Would You Let a 100-Pound Dog Do That?
Toy-breed owners are notorious for letting their little dogs get away with absolute canine murder. Perhaps it is because Chihuahua puppies are so small that people mistakenly assume their antics won't amount to much trouble.
Wrong. This misconception of how to rear a toy-breed puppy is largely the reason that a portion of the general public views the Chihuahua as ayappy, ill-mannered dog. In reality, the Chihuahua is a great breed, but individuals will behave only as well as they've been raised. If you don't let your dog know how you expect her to behave from the get-go, she'll behave the only way she knows how — as a dog with dog behaviors.
Here's another way of looking at the situation. Why, if you would never allow a child to bite you, shred a pillow, or scramble past you to get out the front door (and run away), would you allow your canine companion to do these same things? You shouldn't. To succeed in raising a puppy, you have to consider that what might look cute right now will develop into a nasty habit later.
What harm can an excited, jumping Chihuahua cause that would make you wish you'd worked on training her not to jump up on you or other people? Let's consider a couple of scenarios.
Scenario One: You've just dressed for work, you're in a hurry, and your Chi comes barreling into your room and starts jumping up on you, succeeding in: a) tearing your hose or scratching your legs, b) snagging your slacks, c) dirtying your clothing, or d) tripping you.
Scenario Two: Your friend comes over to visit and brings her young niece. Your Chi is very excited and starts jumping up on the little girl, succeeding in: a) scratching the little girl, b) toppling her over, c) tearing or otherwise messing up her clothes, or d) biting her on the hands, which she is flapping around because the dog is jumping up.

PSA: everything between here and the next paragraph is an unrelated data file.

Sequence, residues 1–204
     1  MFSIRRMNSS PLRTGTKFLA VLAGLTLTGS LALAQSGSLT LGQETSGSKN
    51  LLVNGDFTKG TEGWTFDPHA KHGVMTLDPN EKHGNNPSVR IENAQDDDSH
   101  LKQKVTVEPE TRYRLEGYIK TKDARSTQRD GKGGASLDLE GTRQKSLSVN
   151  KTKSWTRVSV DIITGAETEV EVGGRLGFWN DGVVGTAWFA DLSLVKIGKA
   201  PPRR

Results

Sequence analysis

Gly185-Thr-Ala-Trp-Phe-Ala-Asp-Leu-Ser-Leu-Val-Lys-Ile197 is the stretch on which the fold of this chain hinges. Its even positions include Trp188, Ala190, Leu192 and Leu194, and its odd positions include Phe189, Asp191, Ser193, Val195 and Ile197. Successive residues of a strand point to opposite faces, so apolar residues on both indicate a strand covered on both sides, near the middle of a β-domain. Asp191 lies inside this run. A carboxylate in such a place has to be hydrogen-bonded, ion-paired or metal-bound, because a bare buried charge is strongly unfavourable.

There are three solutions to getting pups (and dogs) to stop jumping up. First, ignore the jumping and the Chihuahua until the dog is calm. If jumping up doesn't get your Chi the attention she wants, she won't do it. Second, exercise her more. If your puppy gets enough exercise, she'll have less energy bottled up and will be calmer. Third, provide an alternate behavior. When your Chihuahua is most likely to jump up, give her the “Sit” command or put her in a sit-stay. Reward this behavior. It won't be long before you'll find that your Chihuahua will automatically give you the good behavior in instances in which she normally would have jumped up on you. Reward her!
Oh, who can resist those beautiful brown eyes? You can — unless you want your three-pound Chihuahua to become a small nine pound table, as broad as she is tall. She may look as if she is starving every time you are eating something; however, if you are feeding her correctly, she is getting all the nutrition and calories she needs. Breaking down and giving in to those soulful eyes will only serve to escalate your Chi's begging. (Next it will be pawing, and then it will be whining, crying, and barking.)
The solution? You can do one of several things, and all will involve ignoring your Chihuahua. First, don't give in, and don't reward your Chi with attention of any kind for begging. Second, you can put your Chi in her crate with an activity toy or favorite chew to keep her busy. Third, if your Chi is good with her commands, you can put her in a down-stay for the duration of your meal.